October 17, 2017

12 Tips to Protect Your Binge Eating Disorder (BED) Recovery This Holiday Season

recovering from an eating disorderWhile we typically think of Labor Day as the unofficial end to summer, when you think about it, it’s also the unofficial start of the holiday season. At least that’s what the stores would like us to think. Displays of sunscreen and pool toys are replaced with Halloween candy and fall decorations; Thanksgiving and Christmas displays soon follow.
We’d all love to love the holidays, right? However, for those of us struggling with binge eating disorder (BED) and other eating disorders, it can be a stressful and triggering time of year. Holidays are fraught with stressors: interesting family dynamics, numerous parties, transitions, including school breaks, and food… lots and lots of food.
So how can you successfully navigate the holidays if you are in treatment for binge eating disorder (or in recovery)? We posed this question to our clinical team from ERC’s Binge Eating Treatment & Recovery (BETR) Program. The coping tools and techniques they offered are simple and incredibly empowering.
We encourage you to bookmark this article (or print it out if you’re able to) so you can refer back to their tips and advice in the months ahead.

Manage your meals to manage your binge eating

  1. Plan your meals ahead of time. The grocery store can feel like a minefield around the holidays. Make a specific meal plan for yourself. Then, create a grocery list based off that plan before going shopping. Be sure to organize your list by your store’s layout and grocery sections to minimize lots of back-and-forth roaming through the aisles. This will help you stay focused and protected from impulse buying. 
  2. Simplify. Try simplifying your meals, which can make them more satisfying in the end. It’s natural to want to try a little bit of everything when faced with a tempting buffet of food choices; however, research shows that full portions of a few foods make us feel more satisfied than “dibs and dabs” of lots of things.
  3. Notice impulsive eating. Keep in mind that there is no such thing as a once-in-a-lifetime food. If you see something you want, but it’s not in your plan for that day, practice delaying the urge to eat it in that moment and then plan to have it tomorrow or later in the week. We’re less likely to feel guilty and out of control when we savor food that it is planned and purposeful versus impulsive and emotional. This tip can help you avoid loss of control eating.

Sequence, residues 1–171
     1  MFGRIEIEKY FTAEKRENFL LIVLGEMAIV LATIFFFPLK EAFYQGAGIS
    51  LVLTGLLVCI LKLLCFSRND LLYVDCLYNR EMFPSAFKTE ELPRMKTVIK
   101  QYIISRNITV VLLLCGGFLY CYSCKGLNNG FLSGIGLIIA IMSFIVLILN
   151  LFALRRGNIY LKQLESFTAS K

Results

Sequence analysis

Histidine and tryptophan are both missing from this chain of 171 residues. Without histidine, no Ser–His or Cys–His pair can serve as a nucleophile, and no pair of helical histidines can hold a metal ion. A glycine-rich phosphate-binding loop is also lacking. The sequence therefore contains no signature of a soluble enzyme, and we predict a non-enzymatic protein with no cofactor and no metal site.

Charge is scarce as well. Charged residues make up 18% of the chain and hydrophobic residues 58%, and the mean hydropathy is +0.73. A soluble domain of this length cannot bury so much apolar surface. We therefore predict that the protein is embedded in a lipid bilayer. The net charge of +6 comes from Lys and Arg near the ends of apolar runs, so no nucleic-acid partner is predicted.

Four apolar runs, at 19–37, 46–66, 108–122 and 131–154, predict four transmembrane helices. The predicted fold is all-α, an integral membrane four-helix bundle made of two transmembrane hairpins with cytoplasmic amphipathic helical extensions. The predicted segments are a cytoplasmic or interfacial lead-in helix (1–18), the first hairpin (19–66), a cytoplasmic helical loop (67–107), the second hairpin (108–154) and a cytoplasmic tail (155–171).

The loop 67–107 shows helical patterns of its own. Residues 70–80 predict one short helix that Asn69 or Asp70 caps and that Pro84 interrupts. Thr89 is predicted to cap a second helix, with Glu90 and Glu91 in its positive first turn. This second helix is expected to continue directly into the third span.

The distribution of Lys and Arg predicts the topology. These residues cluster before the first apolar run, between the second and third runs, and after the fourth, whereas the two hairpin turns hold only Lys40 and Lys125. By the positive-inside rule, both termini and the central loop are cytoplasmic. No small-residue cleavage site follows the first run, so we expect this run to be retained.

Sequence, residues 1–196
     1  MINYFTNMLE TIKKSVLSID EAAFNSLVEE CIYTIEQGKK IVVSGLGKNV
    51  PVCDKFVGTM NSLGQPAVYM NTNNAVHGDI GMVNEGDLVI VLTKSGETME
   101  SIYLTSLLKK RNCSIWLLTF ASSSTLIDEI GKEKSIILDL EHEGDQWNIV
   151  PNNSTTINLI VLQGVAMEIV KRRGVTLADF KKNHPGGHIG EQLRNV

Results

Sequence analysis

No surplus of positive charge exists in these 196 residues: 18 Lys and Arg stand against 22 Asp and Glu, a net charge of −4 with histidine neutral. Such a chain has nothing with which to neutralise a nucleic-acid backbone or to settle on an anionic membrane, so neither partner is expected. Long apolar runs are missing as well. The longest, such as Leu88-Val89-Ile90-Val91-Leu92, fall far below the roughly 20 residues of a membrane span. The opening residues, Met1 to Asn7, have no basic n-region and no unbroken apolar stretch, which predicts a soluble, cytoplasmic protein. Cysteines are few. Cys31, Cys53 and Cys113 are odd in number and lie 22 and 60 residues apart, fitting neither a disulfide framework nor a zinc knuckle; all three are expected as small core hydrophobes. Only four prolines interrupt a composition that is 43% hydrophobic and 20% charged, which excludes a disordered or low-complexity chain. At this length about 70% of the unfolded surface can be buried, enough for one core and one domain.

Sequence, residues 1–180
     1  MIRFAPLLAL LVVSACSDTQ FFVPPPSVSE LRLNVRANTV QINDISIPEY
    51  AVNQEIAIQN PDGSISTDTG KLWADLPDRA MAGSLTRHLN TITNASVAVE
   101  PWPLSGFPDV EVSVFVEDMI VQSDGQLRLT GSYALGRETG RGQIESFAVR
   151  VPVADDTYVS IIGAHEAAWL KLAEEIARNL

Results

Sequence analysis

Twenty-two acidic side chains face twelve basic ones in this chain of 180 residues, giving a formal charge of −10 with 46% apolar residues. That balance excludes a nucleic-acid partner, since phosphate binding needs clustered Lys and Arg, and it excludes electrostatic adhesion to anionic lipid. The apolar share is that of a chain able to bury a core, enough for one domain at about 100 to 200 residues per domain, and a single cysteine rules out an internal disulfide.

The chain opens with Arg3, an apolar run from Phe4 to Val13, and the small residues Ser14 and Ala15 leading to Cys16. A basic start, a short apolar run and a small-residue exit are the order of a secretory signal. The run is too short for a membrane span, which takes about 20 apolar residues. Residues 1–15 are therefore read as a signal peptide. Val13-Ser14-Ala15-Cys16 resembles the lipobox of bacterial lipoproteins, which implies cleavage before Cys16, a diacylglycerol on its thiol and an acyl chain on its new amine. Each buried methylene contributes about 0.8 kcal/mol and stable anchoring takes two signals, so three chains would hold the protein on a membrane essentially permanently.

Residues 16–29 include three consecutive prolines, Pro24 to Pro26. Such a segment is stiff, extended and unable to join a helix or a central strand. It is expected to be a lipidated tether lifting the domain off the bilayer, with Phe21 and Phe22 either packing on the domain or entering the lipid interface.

4. Stick to your meal plan. Try planning a holiday meal throughout the day rather than restricting in anticipation of that one big meal. Enjoy holiday items as part of your meal plan—including breakfast, lunch and snacks—so you can space it out and not have to agonize over what to choose for dinner. Who says you can’t have a slice of pumpkin pie for breakfast — as long as it part of your meal plan?
  5. Stick to your schedule. Follow your prescribed eating, sleeping, movement routine during the holidays. It's so important to get good sleep in binge eating recovery.

Create boundaries to manage stress 

  1. Choose activities wisely. Make realistic expectations about participation in holiday activities. It can be easy to get into the “I must do this, must do that” mindset of obligations and traditions, only to end up so stressed that you do not enjoy the activity or event. Simplify things as much as you can. Focus on the non-food-related things you enjoy most, whether it’s time with your family and friends or sensory experiences, like enjoying holiday music, lights and decorations.
  2. Put your recovery first. If a certain event has a history of triggering a binge, you may want to skip it this year.
  3. Be mindful of your emotions. Remember you can always leave an event if it becomes too stressful or triggering. Have a plan in place to excuse yourself prior to the event. You’ll feel more in control and confident!  

Create a support system

  1. Bring along a friend. Enlist a safe support person to accompany you to potentially stressful/triggering events. Have this person plate your food (particularly if it is a buffet or hors d'oeuvres) then sit down with your support person to eat the food.
  2. Talk things out. Bookend an event by calling a support person before and after to process your feelings.
  3. Get family involved — if it feels safe. Involve family members by educating them about potential stressors and triggers. Then ask for their support in toning down the holidays to reduce stress.
  4. Find support online. Remember, there is strength in numbers! Community support can always be found within our Binge Eating Connection page on Facebook.
Learn more about creating a strong support team for binge eating disorder

Above all else, take time for yourself by practicing self-care. Make “dates” with yourself before the holidays begin; schedule in downtime to your calendar as well as “appointments” for mindfulness exercises and self-soothing activities.
We encourage you to be kind and forgiving with yourself. It’s perfectly okay to not do it all perfectly. If you experience a setback, try not to judge yourself. Instead, look for the teachable moment so that next time you encounter a similar trigger or challenge, you’ll be better equipped to handle it.
On behalf of the Eating Recovery Center team, we wish you all the best this holiday season. If at any time you need additional assistance, please call us at (877) 766-1097. We’re here to support you in your recovery.
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